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Earnings cap on pensions worries executives

UK – A growing number of senior executives in the UK are concerned about the pension earnings cap, according to a survey by consultants William M. Mercer.
The cap issue was raised by 62% of senior executives at recruitment interviews and by 83% in the case of board directors, according to the research, which covers 115 major UK employers.

Tax relief in Britain is only allowed on pensions up to an annual pay of £95,400 (e154,700), which gives a maximum pension of £63,600 (e103,100) under current regulations.

The increase in the movement of executive workers since the introduction of the cap in 1989 has raised salaries, and worries among executives over the rule, says the report.
Top salaries also increase faster than the annual cap increases – leaving an executive aged 40 on a £50,000 salary being hit by the cap well before he reaches 65.

More than half (58%) of the surveyed employers have taken action to tackle the compensation problem. Four main corporate approaches in dealing with the issue can be identified, says the report: optimising benefits under the company pension scheme, establishing a funded or un-funded unapproved retirement benefits scheme (FURBS or UURBS), and providing extra cash.

Just over a quarter (27%) of the surveyed employers say they do not compensate the effects of the earnings cap, while 28% offer additional salary.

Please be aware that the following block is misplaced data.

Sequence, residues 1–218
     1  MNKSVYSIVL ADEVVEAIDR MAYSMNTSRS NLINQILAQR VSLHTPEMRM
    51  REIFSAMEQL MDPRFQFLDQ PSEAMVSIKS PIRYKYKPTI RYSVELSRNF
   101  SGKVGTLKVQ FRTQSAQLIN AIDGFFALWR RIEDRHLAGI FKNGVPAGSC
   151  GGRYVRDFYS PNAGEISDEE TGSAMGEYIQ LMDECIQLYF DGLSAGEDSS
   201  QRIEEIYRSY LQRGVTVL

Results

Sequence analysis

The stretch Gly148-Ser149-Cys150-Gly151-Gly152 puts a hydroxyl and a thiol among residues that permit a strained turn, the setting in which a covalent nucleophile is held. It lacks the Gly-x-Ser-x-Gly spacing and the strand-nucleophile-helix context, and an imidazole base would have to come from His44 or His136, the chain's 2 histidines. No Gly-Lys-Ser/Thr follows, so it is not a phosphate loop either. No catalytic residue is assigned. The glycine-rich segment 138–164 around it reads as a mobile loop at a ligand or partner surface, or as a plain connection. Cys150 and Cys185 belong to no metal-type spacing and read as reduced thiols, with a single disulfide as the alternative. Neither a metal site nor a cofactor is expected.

FURBS continues as the most popular method of augmenting executive pensions. Despite an increase in capital gains tax under these schemes since 1998, a third (34%) of employers now choose this route, says the report.

The UURBS plans promise a set level of benefits that is met directly from company cash flow rather than a trust arrangement, and such schemes account for 24% of corporate top-up plans, down from 30% in 1998.
“In theory, the lack of national insurance contributions on payments make them an attractive option from the employer’s point of view,” says Ken Barclay, worldwide partner at William M Mercer.

However, an empirical test shows that UURBS is twice as expensive as FURBS or a salary raise. Participants in the survey were asked to calculate the likely annual cost of implementing their current policy for a new executive aged 45 and earning £140,000. A FURBS plan would cost £14,000, while only £13,000 extra salary would be needed, compared to an UURBS solution that would cost £30,000.

A majority of employers seem to prefer funded schemes, with 42% saying it would be their main top-up vehicle in the future. Additional salary will be chosen by 36% of employers, while long-term incentive plans (now preferred by 17%) have dropped UURBS benefits (down to 12%) to fourth on the list of employer choice.

High demand from executives has also increased the importance of life insurance as another method of unapproved compensation, with 90% of employers offering one to workers who pass the earnings cap, compared to 70% in 1998.

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